U.S. President Donald Trump and South Korea’s Prime Minister Hwang Kyo-ahn agreed the U.S. missile defense system THAAD should be deployed as soon as possible. China may have been retaliating against Seoul in response to the decision. File Photo courtesy of U.S. Missile Defense Agency
Jan. 30 (UPI) -- U.S. President Donald Trump and South Korea's acting president and Prime Minister Hwang Kyo-ahn exchanged a phone call on Monday, Seoul time, during which the two sides reaffirmed the bilateral alliance but did not discuss pending issues that include increased military burden sharing.
According to South Korean news service News 1, Trump told Hwang the United States would always be with Seoul "100 percent" in their joint defense against North Korea provocations.
During the phone exchange, which lasted for about 30 minutes on Monday morning, both sides agreed they are ready to develop a "strong and steadfast" alliance.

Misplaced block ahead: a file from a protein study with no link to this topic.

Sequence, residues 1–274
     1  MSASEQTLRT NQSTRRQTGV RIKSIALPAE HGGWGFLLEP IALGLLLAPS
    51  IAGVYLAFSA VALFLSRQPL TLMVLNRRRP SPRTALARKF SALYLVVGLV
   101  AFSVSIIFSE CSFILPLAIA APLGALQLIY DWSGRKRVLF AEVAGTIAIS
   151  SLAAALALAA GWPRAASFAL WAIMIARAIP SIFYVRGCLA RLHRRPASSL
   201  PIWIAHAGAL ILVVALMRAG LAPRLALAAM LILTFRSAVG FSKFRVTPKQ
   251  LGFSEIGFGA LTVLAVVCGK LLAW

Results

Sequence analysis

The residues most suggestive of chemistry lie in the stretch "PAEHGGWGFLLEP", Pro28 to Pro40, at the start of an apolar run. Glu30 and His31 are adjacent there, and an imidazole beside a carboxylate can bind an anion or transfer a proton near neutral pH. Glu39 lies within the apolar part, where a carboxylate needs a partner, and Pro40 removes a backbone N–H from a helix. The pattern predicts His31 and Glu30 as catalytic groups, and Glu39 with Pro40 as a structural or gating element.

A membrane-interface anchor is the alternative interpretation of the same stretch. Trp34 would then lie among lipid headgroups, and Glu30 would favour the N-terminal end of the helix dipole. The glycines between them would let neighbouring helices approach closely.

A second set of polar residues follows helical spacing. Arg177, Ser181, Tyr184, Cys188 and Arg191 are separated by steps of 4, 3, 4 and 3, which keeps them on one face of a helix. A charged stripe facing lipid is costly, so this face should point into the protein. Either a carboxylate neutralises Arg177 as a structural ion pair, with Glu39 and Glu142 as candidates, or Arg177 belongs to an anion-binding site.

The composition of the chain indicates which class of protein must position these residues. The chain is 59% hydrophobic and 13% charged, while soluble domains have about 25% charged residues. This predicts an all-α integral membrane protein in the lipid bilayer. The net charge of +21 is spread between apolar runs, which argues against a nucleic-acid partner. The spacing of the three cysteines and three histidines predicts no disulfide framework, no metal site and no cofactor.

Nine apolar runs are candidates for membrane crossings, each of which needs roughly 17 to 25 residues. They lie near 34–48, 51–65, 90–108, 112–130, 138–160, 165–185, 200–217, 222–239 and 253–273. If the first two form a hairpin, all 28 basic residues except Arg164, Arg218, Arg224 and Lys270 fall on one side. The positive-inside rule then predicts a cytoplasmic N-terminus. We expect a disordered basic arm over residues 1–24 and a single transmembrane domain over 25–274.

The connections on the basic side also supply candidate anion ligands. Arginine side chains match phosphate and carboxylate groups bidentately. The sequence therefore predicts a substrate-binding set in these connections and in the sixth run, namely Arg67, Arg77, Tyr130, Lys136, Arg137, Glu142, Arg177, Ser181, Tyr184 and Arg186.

Since being sworn into office, Trump has exchanged phone calls with other Asian leaders: Indian Prime Minister Narendra Modi on Tuesday and Japan's Shinzo Abe on Saturday.
Trump and Hwang also spoke about the upcoming visit of new U.S. Secretary of Defense James Mattis to South Korea on Feb. 2.
The U.S. president reportedly said he looks forward to strengthening the combined defense capabilities of the two countries during the Mattis visit.
Trump and Hwang were also in concurrence regarding the deployment of the U.S. missile defense system THAAD on the peninsula.
Seoul and Washington had agreed to deploy THAAD in July, but since then China has been suspected of imposing trade embargoes on South Korean companies and K-Pop artists.
A newly formed conservative political party in South Korea welcomed news of the phone call on Monday, South Korean newspaper Asia Business reported.
A bilateral FTA between the United States and South Korea was not discussed, and some South Koreans are concerned the trade deal could be scrutinized in the face of the recent U.S. withdrawal from the multilateral Trans-Pacific Partnership.
Kim Jong-hoon, a former lawmaker with the conservative Saenuri Party, said the FTA has proved to be mutually beneficial for both sides.
U.S. imports' share of the South Korea market has risen from 8.5 to 11 percent since the signing of the FTA in 2011, and South Korea's share of the U.S. market has increased from 2.6 to 3.4 percent, according to Kim.